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The water: a parable

Soft-drink manufacturers notice something annoying: people like drinking water, and what's more, municipalities give it away for free. So advertising companies, at the behest of those companies, convince those with money to waste -- the companies' target market -- that there is something suspect about the water coming from their taps. At first, people become convinced it's more "convenient" and stylish to carry little bottles of packaged water around, depsite the fact that the packaging requires a whole recycling industry to process them once they are emptied. It is fashionable to drink pre-packaged water, so much so that people will pay more for it than for other soft drinks. Soft-drink manufacturers are suddenly much less annoyed. Then, slowly people begin to believe they shouldn't drink tap water at all; to do would be putting themselves and their children at risk. They believe this in part because advances in science allow the detection of toxic substances in water at much, much more minute levels and in part because the novelty of drinking packaged water has evaporated and a new justification is required. As more people become convinced of this, fewer in the political classes use tap water, and in the meantime the water treatment facilities begin to decay. Should taxes be levied so that these could be repaired? Why should they? That wouldn't be fair, since it would force the middle class to pay twice for water -- once at the superstore where they buy their bottled water and once in local taxes. So tap water begins to truly become dangerous, but this doesn't matter since those consituencies who exercise power -- middle-class voters, corporations -- are happy and safe. And meanwhile health and beauty corporations have noticed something that annoys them (check out this in the New York Times Magazine) -- people are washing themselves in tap water instead of using expensive lotions and moisturizers. Clearly something needs to be done about that.

In the wake of Malcolm Young's passing, Jesse Fink, author of The Youngs: The Brothers Who Built AC/DC, offers up his top 10 AC/DC songs, each seasoned with a dash of backstory.

In the wake of Malcolm Young's passing, Jesse Fink, author of The Youngs: The Brothers Who Built AC/DC, offers up his top 10 AC/DC songs, each seasoned with a dash of backstory.

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Pauline Black may be called the Queen of Ska by some, but she insists she's not the only one, as Two-Tone legends the Selecter celebrate another stellar album in a career full of them.

Being commonly hailed as the "Queen" of a genre of music is no mean feat, but for Pauline Black, singer/songwriter of Two-Tone legends the Selecter and universally recognised "Queen of Ska", it is something she seems to take in her stride. "People can call you whatever they like," she tells PopMatters, "so I suppose it's better that they call you something really good!"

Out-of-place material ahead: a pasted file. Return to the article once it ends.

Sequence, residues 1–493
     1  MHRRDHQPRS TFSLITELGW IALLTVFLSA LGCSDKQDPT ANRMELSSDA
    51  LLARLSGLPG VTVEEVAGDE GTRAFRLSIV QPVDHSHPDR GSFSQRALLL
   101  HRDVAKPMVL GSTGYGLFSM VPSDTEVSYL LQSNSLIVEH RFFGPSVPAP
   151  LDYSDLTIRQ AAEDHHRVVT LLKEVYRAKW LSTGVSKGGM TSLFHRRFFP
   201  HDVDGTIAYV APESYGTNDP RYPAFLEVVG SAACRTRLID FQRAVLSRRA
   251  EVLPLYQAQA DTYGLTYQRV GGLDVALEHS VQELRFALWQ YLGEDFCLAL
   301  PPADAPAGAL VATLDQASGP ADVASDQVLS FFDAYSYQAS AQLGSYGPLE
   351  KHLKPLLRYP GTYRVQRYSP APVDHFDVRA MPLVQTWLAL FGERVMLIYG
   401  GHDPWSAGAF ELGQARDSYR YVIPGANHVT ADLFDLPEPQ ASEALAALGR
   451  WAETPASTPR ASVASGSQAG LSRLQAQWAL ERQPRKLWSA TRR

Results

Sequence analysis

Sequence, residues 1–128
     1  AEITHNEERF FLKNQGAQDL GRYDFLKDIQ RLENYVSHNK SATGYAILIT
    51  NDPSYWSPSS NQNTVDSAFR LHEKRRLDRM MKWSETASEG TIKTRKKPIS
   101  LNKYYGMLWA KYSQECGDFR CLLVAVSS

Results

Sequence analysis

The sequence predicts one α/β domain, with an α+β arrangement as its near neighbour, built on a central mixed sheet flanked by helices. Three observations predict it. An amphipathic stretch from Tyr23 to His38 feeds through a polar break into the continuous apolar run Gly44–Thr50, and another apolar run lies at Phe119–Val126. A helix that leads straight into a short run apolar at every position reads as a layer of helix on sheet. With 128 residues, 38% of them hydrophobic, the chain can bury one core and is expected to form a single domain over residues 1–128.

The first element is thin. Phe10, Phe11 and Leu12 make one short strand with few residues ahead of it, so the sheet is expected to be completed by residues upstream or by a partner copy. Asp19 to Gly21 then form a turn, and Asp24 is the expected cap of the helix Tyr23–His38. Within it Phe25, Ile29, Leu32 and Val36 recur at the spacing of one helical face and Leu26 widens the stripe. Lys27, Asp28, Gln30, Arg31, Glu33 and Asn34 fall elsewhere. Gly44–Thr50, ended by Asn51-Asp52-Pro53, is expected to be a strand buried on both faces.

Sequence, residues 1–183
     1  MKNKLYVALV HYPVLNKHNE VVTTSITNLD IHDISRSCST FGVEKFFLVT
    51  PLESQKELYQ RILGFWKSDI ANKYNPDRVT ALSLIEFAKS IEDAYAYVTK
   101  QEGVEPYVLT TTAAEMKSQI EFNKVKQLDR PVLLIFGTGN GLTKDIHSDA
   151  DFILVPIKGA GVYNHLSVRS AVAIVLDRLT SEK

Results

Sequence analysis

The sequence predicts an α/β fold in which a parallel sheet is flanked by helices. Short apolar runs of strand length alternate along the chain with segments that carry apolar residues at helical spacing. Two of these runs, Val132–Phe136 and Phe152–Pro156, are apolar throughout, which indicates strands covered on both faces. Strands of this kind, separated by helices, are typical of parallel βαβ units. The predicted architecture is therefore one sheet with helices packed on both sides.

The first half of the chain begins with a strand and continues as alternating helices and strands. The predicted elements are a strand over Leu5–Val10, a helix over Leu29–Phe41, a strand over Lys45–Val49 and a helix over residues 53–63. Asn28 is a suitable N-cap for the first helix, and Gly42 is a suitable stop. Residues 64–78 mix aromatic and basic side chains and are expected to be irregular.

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Morrison's prose is so engaging and welcoming that it's easy to miss the irreconcilable ambiguities that are set forth in her prose as ineluctable convictions.

It's a common enough gambit in science fiction. Humans come across a race of aliens that appear to be entirely alike and yet one group of said aliens subordinates the other, visiting violence upon their persons, denigrating them openly and without social or legal consequence, humiliating them at every turn. The humans inquire why certain of the aliens are subjected to such degradation when there are no discernible differences among the entire race of aliens, at least from the human point of view. The aliens then explain that the subordinated group all share some minor trait (say the left nostril is oh-so-slightly larger than the right while the "superior" group all have slightly enlarged right nostrils)—something thatm from the human vantage pointm is utterly ridiculous. This minor difference not only explains but, for the alien understanding, justifies the inequitable treatment, even the enslavement of the subordinate group. And there you have the quandary of Otherness in a nutshell.

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A 1996 classic, Shawn Colvin's album of mature pop is also one of best break-up albums, comparable lyrically and musically to Joni Mitchell's Hejira and Bob Dylan's Blood on the Tracks.

When pop-folksinger Shawn Colvin released A Few Small Repairs in 1996, the music world was ripe for an album of sharp, catchy songs by a female singer-songwriter. Lilith Fair, the tour for women in the music, would gross $16 million in 1997. Colvin would be a main stage artist in all three years of the tour, playing alongside Liz Phair, Suzanne Vega, Sheryl Crow, Sarah McLachlan, Meshell Ndegeocello, Joan Osborne, Lisa Loeb, Erykah Badu, and many others. Strong female artists were not only making great music (when were they not?) but also having bold success. Alanis Morissette's Jagged Little Pill preceded Colvin's fourth recording by just 16 months.

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Frank Miller locates our tragedy and warps it into his own brutal beauty.

In terms of continuity, the so-called promotion of this entry as Miller's “third" in the series is deceptively cryptic. Miller's mid-'80s limited series The Dark Knight Returns (or DKR) is a “Top 5 All-Time" graphic novel, if not easily “Top 3". His intertextual and metatextual themes resonated then as they do now, a reason this source material was “go to" for Christopher Nolan when he resurrected the franchise for Warner Bros. in the mid-00s. The sheer iconicity of DKR posits a seminal work in the artist's canon, which shares company with the likes of Sin City, 300, and an influential run on Daredevil, to name a few.

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